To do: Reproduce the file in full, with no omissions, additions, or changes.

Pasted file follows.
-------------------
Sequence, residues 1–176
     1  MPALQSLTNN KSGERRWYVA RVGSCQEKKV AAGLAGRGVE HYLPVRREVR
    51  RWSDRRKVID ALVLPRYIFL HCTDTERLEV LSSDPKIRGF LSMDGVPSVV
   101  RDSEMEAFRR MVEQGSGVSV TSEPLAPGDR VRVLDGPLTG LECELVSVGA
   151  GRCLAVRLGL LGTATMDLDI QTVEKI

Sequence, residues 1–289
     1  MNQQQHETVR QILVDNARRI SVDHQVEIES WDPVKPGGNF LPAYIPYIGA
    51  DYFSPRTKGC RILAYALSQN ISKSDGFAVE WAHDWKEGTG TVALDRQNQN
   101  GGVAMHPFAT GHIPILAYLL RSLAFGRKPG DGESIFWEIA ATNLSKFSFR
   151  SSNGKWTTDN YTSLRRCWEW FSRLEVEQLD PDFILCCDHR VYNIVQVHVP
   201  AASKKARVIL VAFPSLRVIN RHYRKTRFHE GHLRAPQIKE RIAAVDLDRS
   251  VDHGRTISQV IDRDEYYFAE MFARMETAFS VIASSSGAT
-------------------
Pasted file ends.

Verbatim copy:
Sequence, residues 1–176
     1  MPALQSLTNN KSGERRWYVA RVGSCQEKKV AAGLAGRGVE HYLPVRREVR
    51  RWSDRRKVID ALVLPRYIFL HCTDTERLEV LSSDPKIRGF LSMDGVPSVV
   101  RDSEMEAFRR MVEQGSGVSV TSEPLAPGDR VRVLDGPLTG LECELVSVGA
   151  GRCLAVRLGL LGTATMDLDI QTVEKI

Sequence, residues 1–289
     1  MNQQQHETVR QILVDNARRI SVDHQVEIES WDPVKPGGNF LPAYIPYIGA
    51  DYFSPRTKGC RILAYALSQN ISKSDGFAVE WAHDWKEGTG TVALDRQNQN
   101  GGVAMHPFAT GHIPILAYLL RSLAFGRKPG DGESIFWEIA ATNLSKFSFR
   151  SSNGKWTTDN YTSLRRCWEW FSRLEVEQLD PDFILCCDHR VYNIVQVHVP
   201  AASKKARVIL VAFPSLRVIN RHYRKTRFHE GHLRAPQIKE RIAAVDLDRS
   251  VDHGRTISQV IDRDEYYFAE MFARMETAFS VIASSSGAT